Irish Border Backstop until Reaching an Agreement on Alternatives

If the British alternatives to backstop are all that good, why can they not live with the backstop until the alternatives are agreed?

[John Bruton | Oped Column Syndication]


Boris Johnson recently said that there is an “abundance” of technical alternatives to the Irish Backstop. He added that “do or die” he would take the UK out of the EU by 31 October.

He seems to believe that he can, between now and the end of October, persuade the EU to have such confidence in these unspecified alternatives that they will not insist on keeping the backstop. This is unrealistic, to put it mildly.

First, he has not put forward any detailed alternative to the backstop.

Secondly, there is no way anything meaningful can be negotiated between the time Mr Johnson would become Prime Minister and the end of October. After its experience with the failure of the UK side to ratify proposals it had previously agreed, there is no disposition on the EU side to take things “on trust” from the UK. There is nothing necessarily personal about this. It is just common prudence.

All sides are agreed that the backstop is only a fall back provision to be used only if an alternative agreed solution cannot be found.

If Boris Johnson was as confident, as appears to be that abundant alternatives exist, he would accept the backstop as an interim step, until his replacement alternatives have been worked upon and agreed.

The fact that he is not prepared to do that makes one suspect that there are no ready or acceptable alternatives that would maintain open borders, and close North/South cooperation based on compatible regulations. The European Commission recently published a document outlining all the areas of life, from health care to transport, where acceptance of common EU standards enables the private and public sectors to cooperate on a cross border basis. Brexit, without a backstop, would tear all this up.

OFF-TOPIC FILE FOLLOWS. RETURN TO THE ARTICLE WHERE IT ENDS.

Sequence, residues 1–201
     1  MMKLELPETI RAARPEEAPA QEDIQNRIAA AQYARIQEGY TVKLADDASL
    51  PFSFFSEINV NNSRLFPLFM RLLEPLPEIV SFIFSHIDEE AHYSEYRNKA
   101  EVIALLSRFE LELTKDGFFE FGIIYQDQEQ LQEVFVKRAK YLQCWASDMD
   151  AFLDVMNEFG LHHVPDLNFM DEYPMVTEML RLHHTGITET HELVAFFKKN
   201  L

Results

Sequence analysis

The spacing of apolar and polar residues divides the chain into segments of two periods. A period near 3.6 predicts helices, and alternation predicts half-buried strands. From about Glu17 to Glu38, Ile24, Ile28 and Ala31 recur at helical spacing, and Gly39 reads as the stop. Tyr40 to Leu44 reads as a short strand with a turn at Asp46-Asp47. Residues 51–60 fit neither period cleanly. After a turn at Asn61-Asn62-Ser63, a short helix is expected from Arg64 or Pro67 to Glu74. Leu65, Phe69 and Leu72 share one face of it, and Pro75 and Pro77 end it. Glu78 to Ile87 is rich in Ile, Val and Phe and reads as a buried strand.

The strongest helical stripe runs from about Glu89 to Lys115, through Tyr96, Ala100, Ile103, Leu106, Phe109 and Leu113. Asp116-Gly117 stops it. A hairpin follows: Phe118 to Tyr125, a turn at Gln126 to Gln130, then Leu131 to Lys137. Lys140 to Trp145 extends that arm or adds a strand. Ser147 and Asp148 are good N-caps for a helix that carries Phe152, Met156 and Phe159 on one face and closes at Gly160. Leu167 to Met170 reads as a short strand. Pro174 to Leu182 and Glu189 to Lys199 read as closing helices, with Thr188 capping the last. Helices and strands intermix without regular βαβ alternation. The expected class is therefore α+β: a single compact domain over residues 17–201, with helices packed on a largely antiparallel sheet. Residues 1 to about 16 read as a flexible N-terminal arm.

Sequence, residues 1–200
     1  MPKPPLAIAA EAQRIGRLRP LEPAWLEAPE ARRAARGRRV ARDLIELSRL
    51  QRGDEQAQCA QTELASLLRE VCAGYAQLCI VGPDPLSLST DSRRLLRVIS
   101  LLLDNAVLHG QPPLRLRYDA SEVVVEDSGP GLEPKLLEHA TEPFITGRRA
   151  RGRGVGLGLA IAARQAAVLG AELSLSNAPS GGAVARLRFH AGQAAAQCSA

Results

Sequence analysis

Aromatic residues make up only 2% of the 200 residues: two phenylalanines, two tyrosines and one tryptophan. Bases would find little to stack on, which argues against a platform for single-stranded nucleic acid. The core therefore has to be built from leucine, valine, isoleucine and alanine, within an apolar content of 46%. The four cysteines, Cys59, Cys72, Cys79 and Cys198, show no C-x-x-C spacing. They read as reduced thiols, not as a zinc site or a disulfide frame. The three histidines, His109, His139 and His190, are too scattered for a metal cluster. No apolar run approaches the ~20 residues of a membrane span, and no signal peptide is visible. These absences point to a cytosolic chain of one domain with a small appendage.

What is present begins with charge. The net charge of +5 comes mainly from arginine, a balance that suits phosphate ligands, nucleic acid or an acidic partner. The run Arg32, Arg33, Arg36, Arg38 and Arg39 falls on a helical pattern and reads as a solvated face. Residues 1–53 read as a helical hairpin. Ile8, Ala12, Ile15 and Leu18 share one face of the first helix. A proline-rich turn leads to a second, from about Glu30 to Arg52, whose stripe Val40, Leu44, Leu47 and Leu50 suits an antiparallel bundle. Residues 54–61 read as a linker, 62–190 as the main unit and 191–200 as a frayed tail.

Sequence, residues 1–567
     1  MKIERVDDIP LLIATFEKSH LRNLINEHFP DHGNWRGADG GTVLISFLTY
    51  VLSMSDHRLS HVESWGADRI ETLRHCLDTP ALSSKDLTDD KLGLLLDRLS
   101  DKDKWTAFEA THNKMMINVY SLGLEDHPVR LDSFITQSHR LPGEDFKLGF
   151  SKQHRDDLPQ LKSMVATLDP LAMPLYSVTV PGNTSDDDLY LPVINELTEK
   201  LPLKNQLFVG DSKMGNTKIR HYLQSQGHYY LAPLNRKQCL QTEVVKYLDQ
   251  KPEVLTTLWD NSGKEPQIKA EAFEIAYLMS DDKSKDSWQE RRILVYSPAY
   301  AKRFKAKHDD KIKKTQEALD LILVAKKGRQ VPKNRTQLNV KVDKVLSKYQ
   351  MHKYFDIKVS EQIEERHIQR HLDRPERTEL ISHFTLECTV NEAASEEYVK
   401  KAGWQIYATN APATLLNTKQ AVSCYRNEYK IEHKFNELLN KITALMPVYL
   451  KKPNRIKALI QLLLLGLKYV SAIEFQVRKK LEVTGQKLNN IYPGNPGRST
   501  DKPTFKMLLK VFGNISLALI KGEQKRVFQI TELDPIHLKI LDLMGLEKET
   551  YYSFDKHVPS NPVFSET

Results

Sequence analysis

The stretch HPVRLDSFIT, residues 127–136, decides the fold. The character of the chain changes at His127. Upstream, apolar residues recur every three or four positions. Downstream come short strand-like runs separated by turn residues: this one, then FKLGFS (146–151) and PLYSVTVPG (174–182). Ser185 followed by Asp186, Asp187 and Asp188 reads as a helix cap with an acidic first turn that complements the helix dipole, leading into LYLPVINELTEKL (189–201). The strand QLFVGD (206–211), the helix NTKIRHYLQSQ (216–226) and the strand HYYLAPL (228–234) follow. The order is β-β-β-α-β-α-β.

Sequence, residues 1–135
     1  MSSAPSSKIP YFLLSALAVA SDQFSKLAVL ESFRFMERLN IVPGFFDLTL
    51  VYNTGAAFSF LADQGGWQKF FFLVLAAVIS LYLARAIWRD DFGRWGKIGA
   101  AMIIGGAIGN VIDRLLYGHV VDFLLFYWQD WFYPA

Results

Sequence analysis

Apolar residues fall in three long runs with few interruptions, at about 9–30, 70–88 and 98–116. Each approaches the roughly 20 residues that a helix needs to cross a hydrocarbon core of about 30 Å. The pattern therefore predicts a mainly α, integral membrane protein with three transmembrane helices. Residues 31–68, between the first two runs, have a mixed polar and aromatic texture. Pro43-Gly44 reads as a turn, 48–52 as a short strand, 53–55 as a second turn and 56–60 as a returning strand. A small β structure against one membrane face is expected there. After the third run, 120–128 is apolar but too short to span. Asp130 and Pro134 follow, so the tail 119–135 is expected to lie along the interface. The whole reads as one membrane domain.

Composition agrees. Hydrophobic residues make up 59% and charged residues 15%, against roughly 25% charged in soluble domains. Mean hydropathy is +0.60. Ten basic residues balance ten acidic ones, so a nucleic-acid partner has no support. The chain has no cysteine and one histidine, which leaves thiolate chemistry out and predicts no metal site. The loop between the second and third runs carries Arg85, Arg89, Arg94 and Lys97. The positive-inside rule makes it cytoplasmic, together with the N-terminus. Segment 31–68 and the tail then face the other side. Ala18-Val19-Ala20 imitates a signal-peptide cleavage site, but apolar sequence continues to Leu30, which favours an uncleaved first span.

A 216 page document was published recently by Prosperity UK, setting out a possible alternative structure that might replace the backstop. They envisage that their proposal would be added as a protocol to the Withdrawal Agreement. This would require EU consent.

Its authors also admitted that more work was needed on their proposal. It is hardly likely to be ready, and agreed by the EU 27, before 31 October. So it does not solve the immediate problem and, in a sense, Boris Johnson’s recent commitment to leave, come what may, on 31 October means that Prosperity UK’s proposal could only be pursued if Jeremy Hunt becomes Prime Minister.

Prosperity UK proposes to have border related controls — not at the border itself, but on farms and in factories and warehouses instead.

But avoiding physical infrastructure on the border is only part of the Brexit problem.

The other problem is the extra costs, delays and bureaucracy that will be imposed by Brexit on all exchanges across the border within Ireland. These would actually be worse under Prosperity UK proposals, and smuggling will be even more likely than if the controls were on the border itself. And smuggling can be used to finance subversive activities, as we know.

To avoid checks on the border of the compliance with EU standards of food crossing from Northern Ireland, Prosperity UK proposes that, for food standards purposes, Ireland would leave the EU and join a Britain and Northern Ireland food standards union instead!

This idea has zero possibility of being accepted. It is naive. Irish agricultural policy would then be dictated by British interests, something Ireland escaped from when it joined the EU in 1973.

That said, the Prosperity UK report does acknowledge the “supremacy” of the Good Friday Agreement and the peace process. This is a good rhetorical starting point.

But no new thinking is offered as to how this supremacy would be reflected in future British policy in a post Brexit world.

One would have thought that those who do not like the backstop would come forward with new and interesting proposals to deepen North/South cooperation, and East/West cooperation, to compensate for the disruption that will inevitably flow from Brexit. That is where British negotiators should be putting the emphasis now. The idea that the Belfast Agreement structures can be frozen, by a refusal by the Democratic Unionist Party and/or Sinn Fein to work together, is not acceptable.